Q: But the narrative voice remained a problem.
A: Yes, and so I put the draft aside for many years while I was working on other projects. Sometimes I would take it out and start to rewrite it, but I'd get to about page 30 and stop, because I'd just not have the voice. I did this probably 10 times over the years. In 2011, I took it out again, and this time I had an idea, which was to focus on a theme. The theme I came up with was the moral indifference, really the tangible and unconscionable indifference, of the ruling white Christian class to African-Americans and their social situation, including the activities of (racist groups). With that focus, I rewrote the novel in a voice that seemed adequate for that theme. The characters and some of the plot are the same, but they're expressed in a different language now. I'd never had an experience quite like that, and it was very thrilling for me to take each chapter up from the old novel and reshape it, condense and compact it, give it a certain velocity.
Q: Did the original draft have the same narrator, the aristocratic Mr. van Dyck, who's looking back on the events from the vantage point of many decades later?
A: Yes, but he's more contemporary now, less 19th century. His wit is a little sharper, and he doesn't talk as much.
Q: How accurate are the portraits of the various historical figures in the book? Was Woodrow Wilson, then president of Princeton, in fact a paranoid, neurotic person?
A: Yes, he was. He was extremely vain. He had a public self and a private self, and the private self was extremely hypochondriacal. He had an armamentarium of all these different medicines. He used enemas because like many people of that era, he took laudanum, which caused constipation. His paranoia may have been fueled by some of the drugs he was taking.
Q: That was a period of a lot of faddish thinking about health, as we know from T.C. Boyle's "The Road to Wellville."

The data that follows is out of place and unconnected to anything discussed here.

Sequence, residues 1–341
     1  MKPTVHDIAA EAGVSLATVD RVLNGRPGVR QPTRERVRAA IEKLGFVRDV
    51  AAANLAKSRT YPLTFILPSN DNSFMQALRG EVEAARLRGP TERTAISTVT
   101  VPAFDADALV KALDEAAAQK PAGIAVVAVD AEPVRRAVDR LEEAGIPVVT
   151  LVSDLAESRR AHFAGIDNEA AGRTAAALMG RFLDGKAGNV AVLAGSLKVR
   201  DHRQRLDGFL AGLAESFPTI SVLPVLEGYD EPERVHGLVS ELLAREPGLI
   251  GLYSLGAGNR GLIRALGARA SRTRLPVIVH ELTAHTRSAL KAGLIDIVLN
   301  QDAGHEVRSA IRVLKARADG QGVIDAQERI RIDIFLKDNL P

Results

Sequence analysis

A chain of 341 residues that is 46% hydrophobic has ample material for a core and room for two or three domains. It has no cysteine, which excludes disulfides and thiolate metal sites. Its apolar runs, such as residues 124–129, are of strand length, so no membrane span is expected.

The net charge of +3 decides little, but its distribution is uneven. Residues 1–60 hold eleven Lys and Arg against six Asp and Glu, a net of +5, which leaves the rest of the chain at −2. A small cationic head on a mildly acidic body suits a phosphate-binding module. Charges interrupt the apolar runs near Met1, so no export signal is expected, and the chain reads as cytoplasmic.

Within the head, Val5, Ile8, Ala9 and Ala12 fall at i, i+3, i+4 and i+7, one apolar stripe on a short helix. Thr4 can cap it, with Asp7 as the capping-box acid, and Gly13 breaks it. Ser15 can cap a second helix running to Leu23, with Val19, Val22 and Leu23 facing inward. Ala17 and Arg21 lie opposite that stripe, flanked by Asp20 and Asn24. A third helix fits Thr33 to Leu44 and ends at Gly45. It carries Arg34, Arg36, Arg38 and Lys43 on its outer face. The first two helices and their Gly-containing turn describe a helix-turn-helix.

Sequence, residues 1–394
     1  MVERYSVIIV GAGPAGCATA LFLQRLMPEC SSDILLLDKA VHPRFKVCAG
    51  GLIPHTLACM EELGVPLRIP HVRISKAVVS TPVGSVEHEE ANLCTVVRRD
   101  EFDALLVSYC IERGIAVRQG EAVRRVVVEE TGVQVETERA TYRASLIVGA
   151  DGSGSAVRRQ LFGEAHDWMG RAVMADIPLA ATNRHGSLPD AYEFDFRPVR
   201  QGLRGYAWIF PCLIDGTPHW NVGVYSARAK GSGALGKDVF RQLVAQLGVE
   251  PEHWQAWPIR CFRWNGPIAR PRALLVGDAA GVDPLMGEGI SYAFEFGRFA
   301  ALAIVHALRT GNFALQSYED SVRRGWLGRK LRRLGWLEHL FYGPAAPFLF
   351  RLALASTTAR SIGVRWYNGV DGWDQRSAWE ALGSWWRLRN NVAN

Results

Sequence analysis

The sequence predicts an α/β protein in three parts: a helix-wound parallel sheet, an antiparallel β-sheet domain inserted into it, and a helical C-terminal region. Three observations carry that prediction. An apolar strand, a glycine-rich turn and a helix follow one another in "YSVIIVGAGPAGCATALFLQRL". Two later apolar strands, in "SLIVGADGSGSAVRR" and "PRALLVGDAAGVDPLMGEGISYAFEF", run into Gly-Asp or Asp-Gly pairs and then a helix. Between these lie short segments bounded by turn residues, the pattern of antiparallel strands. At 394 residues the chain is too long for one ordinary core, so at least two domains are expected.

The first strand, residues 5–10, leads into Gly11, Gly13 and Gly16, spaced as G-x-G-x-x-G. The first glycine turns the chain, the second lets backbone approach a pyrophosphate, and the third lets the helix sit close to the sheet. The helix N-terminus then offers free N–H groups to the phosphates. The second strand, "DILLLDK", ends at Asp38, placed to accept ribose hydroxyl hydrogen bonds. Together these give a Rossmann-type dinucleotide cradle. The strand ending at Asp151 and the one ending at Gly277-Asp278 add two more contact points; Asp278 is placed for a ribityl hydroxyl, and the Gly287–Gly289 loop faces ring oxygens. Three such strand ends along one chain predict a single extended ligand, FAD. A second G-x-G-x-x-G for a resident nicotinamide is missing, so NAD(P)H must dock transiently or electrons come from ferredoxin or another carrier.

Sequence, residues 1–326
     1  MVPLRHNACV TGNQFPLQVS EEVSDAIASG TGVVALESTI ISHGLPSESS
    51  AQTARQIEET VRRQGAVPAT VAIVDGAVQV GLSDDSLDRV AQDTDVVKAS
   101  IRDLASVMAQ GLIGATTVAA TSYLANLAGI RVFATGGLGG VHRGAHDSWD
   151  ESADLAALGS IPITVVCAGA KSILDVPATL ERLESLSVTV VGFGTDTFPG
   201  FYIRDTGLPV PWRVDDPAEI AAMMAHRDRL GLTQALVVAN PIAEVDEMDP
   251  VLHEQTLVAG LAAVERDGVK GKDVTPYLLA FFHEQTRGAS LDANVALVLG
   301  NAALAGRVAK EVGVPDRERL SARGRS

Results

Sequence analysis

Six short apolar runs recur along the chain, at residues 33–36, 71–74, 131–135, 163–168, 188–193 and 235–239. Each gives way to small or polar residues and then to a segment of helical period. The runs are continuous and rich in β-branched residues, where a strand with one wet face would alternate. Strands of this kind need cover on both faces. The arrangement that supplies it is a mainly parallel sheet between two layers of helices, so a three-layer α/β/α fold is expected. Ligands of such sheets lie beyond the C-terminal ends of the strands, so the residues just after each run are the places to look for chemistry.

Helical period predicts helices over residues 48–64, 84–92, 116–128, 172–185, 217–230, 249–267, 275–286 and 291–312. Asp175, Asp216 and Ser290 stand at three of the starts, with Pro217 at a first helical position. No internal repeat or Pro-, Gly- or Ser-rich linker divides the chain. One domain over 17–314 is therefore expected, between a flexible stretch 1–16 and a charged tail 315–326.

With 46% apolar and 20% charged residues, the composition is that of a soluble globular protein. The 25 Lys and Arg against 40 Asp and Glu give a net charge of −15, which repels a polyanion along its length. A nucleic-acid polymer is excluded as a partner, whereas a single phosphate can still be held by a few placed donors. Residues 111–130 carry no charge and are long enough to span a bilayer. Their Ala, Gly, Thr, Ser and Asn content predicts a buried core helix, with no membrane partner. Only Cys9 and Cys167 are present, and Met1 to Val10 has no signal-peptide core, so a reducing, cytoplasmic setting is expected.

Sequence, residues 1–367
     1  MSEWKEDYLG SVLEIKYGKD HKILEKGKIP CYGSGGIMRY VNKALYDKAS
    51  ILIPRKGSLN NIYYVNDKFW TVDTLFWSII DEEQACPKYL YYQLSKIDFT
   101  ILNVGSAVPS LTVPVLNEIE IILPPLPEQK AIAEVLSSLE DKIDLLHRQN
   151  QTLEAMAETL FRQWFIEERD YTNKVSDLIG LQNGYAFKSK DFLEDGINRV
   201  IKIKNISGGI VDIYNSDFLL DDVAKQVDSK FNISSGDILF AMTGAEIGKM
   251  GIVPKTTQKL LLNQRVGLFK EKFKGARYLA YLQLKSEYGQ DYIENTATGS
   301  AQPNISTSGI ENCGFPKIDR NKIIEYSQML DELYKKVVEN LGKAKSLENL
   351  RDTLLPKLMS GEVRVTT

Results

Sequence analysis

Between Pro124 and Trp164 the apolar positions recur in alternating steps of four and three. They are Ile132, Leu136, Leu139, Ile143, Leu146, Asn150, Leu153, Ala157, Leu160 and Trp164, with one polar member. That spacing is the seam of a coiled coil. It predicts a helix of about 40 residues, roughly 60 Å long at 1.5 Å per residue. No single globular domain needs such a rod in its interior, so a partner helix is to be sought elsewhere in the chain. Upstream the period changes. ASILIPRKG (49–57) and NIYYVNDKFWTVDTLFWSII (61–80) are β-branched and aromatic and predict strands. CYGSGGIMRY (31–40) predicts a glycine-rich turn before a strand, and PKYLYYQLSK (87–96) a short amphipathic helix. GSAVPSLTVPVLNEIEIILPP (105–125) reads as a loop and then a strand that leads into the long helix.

A: Yes, and a lot of those fads seem to us in 2013 really quirky and dangerous. Anyway, Wilson was extremely mean-spirited, a vicious enemy. He focused his paranoia on Dean Andrew West, who was a very popular presence at Princeton. He was a bachelor, and today it would seem evident that Dean West was gay, and that he had an entourage of gay graduate students. The feud between President Wilson and Dean West, over the location of the graduate college, consumed everyone in the town at that time. My office at Princeton is on the sixth floor of a very nice building called New South, and I can sit at my window and look out over the treetops at the graduate college on the hill, which is there because Dean West won the battle of Princeton. President Wilson retired, but then became governor of New Jersey and, finally, president of the United States. But it was all because he failed at Princeton. It's very funny, because he had this ignominious defeat and was held in some contempt, but went on to become president of the country.
Q: Certain events in the plot, including the willful behavior of some of the female characters, are interpreted by some in the novel as supernatural — in fact infernal — when really they're the first stirrings of modernity.